Bloggers Share Their Favorite Ilonggo Dish

IBSpeaks electricity bills
  • Blogger members share their favorite Ilonggo dish.

  • Ilonggo dishes are downright nostalgic.

It cannot be denied that Ilonggo cuisine is lovable, delectable, and downright nostalgic. No matter how we all get exposed to a variety international cuisine, Ilonggo food is something we all need to go back to. Here, Iloilo Bloggers Society members share their favorite Ilonggo dish. Bloggers Diamond Georgina of Gorgeous Lifestyle Ph, Kathy Villalon of Iloilo Updates, Rosmar Villalon of Iloilo Lifestyle and Features, and Camella Melocoton of When in Iloilo all reveal their local favorites.

In this article, we asked the following three questions:

1.) What’s your favorite Ilonggo food?
2.) Why is it your favorite?
3.) Where can we find this in Iloilo?

George: Laswa because “we need to go back to basic”

Diamond Georgina shares, “nothing can beat ‘Laswa’, my favorite Ilonggo dish. It is healthy, easy to make and mostly available.” When asked why, she reveals, “I always like eating light yet flavorful meals. When I was younger, I don’t usually eat these kinds of food. I was more into meat and preserved goods. Now that I am an adult, I am exposed to events with savory but heavy and unhealthy meals. I prefer to eat healthy food like laswa because at the end of the day, we will, and we need to go back to basic.”

Laswa is a healthy vegetable soup that apparently makes use of practically any available vegetable in the backyard. Basic ingredients include okra, eggplant, kalabasa, and shrimp to mention a few. It is one of the most interesting ‘utan’ in the locality, and probably the hardest to feed to kids, just kidding!

When asked where to find this interesting vegetable soup, Georgina replies, “Laswa is widely available around Iloilo City, but you might catch me mostly dining at Nora’s Eatery located at Solis St. or Flavours of Bucari locates at Plazuela Uno eating Laswa.”

Kathy and Rosmar: Pancit Molo because of the memories

Kathy Villalon shares that the ‘memories’ made her love ‘Pancit Molo’. “In the 80’s and 90’s, my siblings and I helped prepare the molo balls and other ingredients for mom who would cook the best Pancit Molo ever. She does not scrimp on ingredients, so imagine the work we had to do as her assistants. It was the memories and the taste that made me love Pancit Molo,” Kathy shares.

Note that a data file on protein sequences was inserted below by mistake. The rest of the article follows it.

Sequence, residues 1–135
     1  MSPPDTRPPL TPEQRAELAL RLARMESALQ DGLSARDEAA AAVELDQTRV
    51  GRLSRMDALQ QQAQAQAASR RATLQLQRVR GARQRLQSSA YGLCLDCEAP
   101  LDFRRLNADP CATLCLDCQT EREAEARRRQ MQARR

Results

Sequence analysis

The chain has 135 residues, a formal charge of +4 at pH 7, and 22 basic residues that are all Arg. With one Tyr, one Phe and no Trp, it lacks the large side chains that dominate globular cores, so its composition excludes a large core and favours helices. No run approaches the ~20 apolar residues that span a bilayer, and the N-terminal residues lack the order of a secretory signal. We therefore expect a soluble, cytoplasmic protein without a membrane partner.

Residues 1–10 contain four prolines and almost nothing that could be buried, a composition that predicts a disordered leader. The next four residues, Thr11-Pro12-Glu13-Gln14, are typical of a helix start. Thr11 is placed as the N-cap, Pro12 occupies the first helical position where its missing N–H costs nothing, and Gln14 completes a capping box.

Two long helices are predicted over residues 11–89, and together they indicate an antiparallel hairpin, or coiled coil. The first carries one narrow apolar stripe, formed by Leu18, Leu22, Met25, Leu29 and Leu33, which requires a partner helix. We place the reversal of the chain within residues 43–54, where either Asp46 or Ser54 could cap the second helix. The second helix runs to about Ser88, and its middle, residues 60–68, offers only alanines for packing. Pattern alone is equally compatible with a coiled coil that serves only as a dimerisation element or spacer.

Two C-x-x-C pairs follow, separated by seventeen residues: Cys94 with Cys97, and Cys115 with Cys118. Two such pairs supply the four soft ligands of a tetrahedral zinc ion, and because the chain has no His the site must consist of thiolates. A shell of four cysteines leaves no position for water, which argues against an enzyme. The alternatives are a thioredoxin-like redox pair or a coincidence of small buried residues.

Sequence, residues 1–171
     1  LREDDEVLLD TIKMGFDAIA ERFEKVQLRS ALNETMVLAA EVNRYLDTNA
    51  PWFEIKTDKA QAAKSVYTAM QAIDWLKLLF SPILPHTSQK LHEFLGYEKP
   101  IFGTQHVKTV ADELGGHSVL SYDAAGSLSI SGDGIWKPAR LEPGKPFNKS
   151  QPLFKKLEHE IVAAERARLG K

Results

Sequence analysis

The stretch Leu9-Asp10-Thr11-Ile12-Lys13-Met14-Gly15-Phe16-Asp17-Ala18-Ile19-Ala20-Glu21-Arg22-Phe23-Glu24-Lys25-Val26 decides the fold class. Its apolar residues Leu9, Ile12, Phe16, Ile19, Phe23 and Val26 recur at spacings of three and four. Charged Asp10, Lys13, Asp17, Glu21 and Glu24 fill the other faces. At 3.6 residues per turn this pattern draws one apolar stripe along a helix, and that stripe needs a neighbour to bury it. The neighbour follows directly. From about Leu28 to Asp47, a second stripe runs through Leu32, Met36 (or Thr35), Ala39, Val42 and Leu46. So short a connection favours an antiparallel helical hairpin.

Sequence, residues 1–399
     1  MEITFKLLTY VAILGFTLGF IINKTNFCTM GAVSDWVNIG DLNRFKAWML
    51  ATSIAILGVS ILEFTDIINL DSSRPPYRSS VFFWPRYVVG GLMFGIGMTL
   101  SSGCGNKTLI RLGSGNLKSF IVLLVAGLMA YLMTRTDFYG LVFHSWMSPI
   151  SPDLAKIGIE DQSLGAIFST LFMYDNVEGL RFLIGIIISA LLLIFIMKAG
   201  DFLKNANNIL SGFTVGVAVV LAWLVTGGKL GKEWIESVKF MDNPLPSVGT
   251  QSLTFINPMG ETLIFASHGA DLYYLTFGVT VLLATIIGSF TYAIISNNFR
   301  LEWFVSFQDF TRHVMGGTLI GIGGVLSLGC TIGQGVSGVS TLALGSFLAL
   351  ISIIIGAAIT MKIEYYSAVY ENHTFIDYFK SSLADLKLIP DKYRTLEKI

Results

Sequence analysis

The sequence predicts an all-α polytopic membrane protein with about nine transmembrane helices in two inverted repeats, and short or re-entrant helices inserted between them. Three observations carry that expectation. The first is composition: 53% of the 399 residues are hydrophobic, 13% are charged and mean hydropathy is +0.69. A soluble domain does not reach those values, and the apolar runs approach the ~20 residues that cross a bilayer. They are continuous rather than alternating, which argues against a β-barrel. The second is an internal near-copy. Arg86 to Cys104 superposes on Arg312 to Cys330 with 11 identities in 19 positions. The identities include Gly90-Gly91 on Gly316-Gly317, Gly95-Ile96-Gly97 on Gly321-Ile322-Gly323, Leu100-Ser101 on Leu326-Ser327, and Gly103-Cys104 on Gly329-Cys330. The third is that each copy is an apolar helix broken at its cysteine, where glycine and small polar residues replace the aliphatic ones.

Pancit Molo, also known as ‘Filipino pork dumplings’, is a type of soup that originated in the Molo district of Iloilo City. The mixture consists of a mixture of ground pork wrapped in molo or wanton wrapper, and shredded chicken meat.

Surprisingly, Pancit Molo is also the favorite of Kathy’s sister, Rosmar Villalon. “I grew up with my Mom cooking this. For me, she cooks the best pancit molo. Helping her make the balls is one of my early training in the kitchen,” Rosmar shares.

When asked where to find this type of Ilonggo soup, Kathy reveals, “Carlo’s Bakery and Cafe, Kap Ising’s Pancit Molo, Lars Buko Batchoy and Panaderia de Molo (Molo branch). Hotels serve this, too.” For Rosmar, “So far the pancit molo I tasted that is almost like Mom’s cooking is served at Carlo’s Bakery Café.”

Camella: “Seafood especially Talaba”

Camella shares, “Seafood. Not exactly Ilonggo food but seafood in Iloilo is really different from the others esp talaba. I grew up in Villa and I guess it’s safe to say esp before that Villa is the seafood haven here in Iloilo City. My family is fond of seafood from oysters, lobsters to stingrays, my father would even go to every market just to get fresh catch seafood. And I love everything about it, fresh-tasting fish, mouthwatering crabmeats, shrimps and shells and juicy oysters.”

‘Talaba’ is oyster, and is a common delicacy is many parts of the world where water is near. Talaba can be cooked in many ways. Most common way of cooking is by steaming. When asked where to find talaba in Iloilo, Camella quickly responds, “Well known are of course Breakthrough Villa and Tatoy’s. If you want it cheap and fresh Iloilo Fish Port. New ones but a bit far in the city Bulljacks and Tytche.”

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